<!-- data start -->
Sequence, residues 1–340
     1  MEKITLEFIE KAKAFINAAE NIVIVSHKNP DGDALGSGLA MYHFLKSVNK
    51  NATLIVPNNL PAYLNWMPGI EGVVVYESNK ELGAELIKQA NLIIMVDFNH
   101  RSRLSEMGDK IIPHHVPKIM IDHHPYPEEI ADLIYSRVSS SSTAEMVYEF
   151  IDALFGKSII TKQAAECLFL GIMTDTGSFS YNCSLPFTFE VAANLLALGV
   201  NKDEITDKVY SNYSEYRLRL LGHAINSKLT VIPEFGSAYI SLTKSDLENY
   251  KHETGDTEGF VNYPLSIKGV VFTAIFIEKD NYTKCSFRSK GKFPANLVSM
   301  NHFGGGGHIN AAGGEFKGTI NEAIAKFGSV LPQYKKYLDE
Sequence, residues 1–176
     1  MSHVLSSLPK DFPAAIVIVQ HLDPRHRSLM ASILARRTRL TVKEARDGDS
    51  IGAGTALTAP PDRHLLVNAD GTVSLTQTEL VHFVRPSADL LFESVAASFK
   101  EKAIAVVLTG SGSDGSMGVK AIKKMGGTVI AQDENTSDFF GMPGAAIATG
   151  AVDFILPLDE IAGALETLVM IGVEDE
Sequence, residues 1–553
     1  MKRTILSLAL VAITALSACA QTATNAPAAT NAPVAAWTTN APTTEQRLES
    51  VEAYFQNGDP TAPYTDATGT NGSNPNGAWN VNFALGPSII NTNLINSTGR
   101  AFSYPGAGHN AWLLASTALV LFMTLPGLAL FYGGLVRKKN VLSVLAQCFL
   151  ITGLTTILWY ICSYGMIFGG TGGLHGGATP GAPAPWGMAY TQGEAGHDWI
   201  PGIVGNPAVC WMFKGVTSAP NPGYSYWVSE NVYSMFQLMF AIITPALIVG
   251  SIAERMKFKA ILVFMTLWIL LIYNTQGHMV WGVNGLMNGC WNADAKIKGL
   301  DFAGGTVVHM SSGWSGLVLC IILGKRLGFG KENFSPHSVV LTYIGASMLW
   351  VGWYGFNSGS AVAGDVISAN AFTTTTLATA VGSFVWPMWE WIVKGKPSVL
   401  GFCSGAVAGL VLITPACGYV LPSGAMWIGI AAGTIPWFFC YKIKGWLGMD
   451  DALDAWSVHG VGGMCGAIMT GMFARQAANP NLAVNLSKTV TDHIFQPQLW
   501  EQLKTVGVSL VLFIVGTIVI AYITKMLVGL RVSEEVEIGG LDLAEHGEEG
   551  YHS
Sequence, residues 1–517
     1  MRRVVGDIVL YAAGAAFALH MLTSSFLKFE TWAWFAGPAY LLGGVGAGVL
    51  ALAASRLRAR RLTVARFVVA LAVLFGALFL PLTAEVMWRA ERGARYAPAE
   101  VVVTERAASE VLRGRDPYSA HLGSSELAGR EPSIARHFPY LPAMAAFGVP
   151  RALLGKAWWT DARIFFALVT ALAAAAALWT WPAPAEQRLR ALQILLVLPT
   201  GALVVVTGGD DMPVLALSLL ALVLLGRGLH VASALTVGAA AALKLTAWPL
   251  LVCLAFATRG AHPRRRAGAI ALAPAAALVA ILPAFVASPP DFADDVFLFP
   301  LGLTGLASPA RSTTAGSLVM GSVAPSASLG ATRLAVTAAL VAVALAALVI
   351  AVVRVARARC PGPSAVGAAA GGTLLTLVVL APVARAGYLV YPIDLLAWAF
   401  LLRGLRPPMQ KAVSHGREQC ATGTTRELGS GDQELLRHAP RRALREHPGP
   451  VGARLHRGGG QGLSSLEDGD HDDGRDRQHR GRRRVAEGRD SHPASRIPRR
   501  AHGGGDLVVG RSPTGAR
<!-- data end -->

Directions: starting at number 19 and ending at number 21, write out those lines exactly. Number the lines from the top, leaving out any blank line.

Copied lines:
   201  PGIVGNPAVC WMFKGVTSAP NPGYSYWVSE NVYSMFQLMF AIITPALIVG
   251  SIAERMKFKA ILVFMTLWIL LIYNTQGHMV WGVNGLMNGC WNADAKIKGL
   301  DFAGGTVVHM SSGWSGLVLC IILGKRLGFG KENFSPHSVV LTYIGASMLW